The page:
China has been uncharacteristically quiet ever since news broke that the U.S. had agreed to a phase one trade deal in principle with the Chinese. But that will change soon on Friday.
Chinese officials have been set to hold a press conference regarding the trade talks on Friday, at 9:30 a.m. ET, but at the last minute delayed until 10 a.m.
A notice to reporters said China will discuss “issues on relevant progress of China-U.S. economic and trade consultation.”
The briefing will be hosted by the State Council Information Office. Chinese officials attending include Zheng Zeguang, vice minister of foreign affairs, Han Jun, vice minister of agriculture and rural affairs and Wang Shouwen, vice minister of commerce and deputy international trade representative.
Around 9 a.m. ET, President Donald Trump denied a report saying he has signed off on the “phase one” deal, pushing stock futures down.
The Wall Street Journal reported Thursday the U.S. has reached a deal in principle, which would delay another round of duties set to kick in on Sunday and slash some existing tariffs in half. Trump said in a tweet the report is “completely wrong.”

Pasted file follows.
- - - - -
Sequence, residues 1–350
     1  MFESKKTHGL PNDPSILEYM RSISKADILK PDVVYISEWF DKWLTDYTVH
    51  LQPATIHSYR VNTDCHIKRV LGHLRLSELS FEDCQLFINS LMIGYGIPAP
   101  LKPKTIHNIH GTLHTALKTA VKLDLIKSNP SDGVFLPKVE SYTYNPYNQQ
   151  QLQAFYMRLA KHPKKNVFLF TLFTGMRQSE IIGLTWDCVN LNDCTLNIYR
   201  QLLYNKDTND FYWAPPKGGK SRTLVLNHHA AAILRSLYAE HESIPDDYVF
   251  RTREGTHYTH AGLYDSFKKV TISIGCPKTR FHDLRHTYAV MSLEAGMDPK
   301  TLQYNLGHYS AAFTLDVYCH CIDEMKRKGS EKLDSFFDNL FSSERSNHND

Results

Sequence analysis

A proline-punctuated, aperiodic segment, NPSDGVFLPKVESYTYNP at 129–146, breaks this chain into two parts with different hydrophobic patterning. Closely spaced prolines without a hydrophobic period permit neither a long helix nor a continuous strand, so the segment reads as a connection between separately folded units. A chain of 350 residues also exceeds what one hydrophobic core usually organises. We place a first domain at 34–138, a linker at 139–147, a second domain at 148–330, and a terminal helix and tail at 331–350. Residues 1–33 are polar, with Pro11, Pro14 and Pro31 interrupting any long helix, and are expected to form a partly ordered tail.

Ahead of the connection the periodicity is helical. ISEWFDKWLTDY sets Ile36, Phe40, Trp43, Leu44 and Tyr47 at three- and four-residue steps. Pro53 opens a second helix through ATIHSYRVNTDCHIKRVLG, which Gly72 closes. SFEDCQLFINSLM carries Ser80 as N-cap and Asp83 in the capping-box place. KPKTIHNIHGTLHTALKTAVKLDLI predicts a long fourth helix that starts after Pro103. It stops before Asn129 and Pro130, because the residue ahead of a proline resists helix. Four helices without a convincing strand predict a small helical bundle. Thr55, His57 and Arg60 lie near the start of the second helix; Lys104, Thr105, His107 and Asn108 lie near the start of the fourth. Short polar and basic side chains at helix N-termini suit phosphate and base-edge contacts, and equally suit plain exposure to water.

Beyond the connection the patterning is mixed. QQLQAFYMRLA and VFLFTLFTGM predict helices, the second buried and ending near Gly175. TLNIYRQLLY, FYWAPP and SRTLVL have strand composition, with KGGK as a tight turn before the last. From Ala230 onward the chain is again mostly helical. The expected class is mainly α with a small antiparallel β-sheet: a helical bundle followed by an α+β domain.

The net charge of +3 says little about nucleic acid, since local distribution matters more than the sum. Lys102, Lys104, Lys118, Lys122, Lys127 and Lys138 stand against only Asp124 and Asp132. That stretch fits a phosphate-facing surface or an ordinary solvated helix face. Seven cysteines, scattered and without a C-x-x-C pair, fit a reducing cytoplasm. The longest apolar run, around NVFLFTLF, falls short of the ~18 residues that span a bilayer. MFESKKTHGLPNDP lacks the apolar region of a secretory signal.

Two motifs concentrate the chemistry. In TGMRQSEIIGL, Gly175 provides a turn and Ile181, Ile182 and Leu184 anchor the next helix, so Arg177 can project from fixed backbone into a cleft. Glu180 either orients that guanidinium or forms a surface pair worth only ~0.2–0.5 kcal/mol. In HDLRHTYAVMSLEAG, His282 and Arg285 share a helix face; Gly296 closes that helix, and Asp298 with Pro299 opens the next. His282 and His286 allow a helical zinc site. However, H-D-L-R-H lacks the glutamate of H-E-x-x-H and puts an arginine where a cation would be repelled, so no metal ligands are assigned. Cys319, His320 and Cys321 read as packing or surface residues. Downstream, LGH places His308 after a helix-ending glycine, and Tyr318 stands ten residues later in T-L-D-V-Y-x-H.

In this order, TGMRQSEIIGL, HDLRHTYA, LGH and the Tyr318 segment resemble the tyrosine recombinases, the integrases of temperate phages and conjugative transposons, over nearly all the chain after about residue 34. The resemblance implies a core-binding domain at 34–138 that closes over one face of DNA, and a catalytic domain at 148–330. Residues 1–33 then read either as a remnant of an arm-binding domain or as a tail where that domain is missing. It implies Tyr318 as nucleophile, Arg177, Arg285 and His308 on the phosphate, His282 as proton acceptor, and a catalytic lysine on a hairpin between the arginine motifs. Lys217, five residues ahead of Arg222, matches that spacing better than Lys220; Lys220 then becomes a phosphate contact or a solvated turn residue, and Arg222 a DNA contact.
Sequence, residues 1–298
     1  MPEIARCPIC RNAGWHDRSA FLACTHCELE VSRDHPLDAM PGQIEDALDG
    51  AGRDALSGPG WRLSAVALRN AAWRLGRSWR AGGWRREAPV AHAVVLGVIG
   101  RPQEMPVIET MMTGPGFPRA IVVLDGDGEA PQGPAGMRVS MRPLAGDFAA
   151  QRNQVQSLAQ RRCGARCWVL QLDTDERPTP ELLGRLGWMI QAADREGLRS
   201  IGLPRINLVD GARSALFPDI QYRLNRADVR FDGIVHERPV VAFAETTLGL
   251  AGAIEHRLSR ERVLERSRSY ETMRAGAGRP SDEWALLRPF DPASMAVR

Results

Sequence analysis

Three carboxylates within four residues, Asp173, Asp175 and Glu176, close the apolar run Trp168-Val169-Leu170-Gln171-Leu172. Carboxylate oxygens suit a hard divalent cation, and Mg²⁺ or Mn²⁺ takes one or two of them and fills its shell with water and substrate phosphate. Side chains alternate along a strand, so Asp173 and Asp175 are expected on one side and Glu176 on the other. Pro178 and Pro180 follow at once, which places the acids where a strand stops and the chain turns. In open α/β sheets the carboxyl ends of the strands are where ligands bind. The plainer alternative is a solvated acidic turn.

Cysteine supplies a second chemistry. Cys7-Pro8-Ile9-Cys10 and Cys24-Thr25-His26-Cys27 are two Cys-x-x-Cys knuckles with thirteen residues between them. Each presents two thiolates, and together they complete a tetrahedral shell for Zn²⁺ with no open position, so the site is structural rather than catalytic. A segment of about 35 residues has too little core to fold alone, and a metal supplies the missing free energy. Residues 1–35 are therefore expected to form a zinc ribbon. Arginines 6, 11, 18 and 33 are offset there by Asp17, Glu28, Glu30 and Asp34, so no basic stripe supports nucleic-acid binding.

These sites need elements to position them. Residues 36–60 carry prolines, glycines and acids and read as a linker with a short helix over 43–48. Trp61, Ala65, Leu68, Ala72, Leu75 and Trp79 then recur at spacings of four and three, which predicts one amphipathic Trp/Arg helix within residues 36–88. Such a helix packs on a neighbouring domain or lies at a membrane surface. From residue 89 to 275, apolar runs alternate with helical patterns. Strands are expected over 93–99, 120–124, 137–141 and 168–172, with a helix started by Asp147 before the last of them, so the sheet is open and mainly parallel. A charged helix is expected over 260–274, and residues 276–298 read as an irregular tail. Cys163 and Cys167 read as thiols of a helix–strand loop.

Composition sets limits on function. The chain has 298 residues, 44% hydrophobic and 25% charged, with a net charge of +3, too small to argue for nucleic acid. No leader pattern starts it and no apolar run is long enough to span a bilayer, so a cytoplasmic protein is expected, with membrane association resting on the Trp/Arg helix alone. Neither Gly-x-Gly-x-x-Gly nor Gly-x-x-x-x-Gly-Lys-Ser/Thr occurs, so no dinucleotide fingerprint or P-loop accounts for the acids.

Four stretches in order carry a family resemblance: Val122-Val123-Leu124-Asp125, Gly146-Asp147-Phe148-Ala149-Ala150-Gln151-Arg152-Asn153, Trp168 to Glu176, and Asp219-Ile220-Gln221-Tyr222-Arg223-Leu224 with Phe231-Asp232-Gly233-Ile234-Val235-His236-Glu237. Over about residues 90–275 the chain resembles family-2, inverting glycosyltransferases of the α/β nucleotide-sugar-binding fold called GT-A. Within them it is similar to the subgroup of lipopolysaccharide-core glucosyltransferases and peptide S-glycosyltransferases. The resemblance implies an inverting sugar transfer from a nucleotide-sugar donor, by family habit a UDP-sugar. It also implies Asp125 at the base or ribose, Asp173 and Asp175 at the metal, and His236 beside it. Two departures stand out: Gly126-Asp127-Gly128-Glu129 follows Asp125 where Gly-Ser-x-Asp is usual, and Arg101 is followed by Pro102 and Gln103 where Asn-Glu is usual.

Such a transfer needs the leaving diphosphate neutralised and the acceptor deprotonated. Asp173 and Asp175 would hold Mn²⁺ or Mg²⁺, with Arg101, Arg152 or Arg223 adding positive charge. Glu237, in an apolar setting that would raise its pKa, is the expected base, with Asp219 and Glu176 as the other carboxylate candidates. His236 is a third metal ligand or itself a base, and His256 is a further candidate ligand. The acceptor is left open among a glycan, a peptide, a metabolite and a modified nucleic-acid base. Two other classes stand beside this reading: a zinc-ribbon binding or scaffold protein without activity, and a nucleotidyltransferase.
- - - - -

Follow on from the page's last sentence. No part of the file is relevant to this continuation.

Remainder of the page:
Hu Xijin, editor-in-chief of the state-run tabloid Global Times, said the trade talks “have moved a step forward, but how to define this step, and what real significance does it have, the answers lie in joint efforts of China and the U.S.”
In an earlier Tweet, Hu said it’s “a delicate situation.”
CNBC’s Eunice Yoon learned through a source that China has concerns regarding hard targets the U.S. is pushing for in terms of agricultural purchases. China has committed to buying $40 billion in agricultural products. President Donald Trump, however, wanted a number closer to $50 billion.
The source told Yoon that China is afraid those purchases could put them in conflict with other trading partners. There is also concern that Trump could eventually reimpose tariffs on Chinese goods despite a phase one deal being signed.
In a regular press briefing Friday, China’s Foreign Ministry spokesperson Hua Chunying said the Chinese “always insist consultations must be based on the principles of equality and mutual respect, and agreements must be mutually beneficial and win-win.” She didn’t elaborate on the limited deal.
– By Yun Li and Fred Imbert.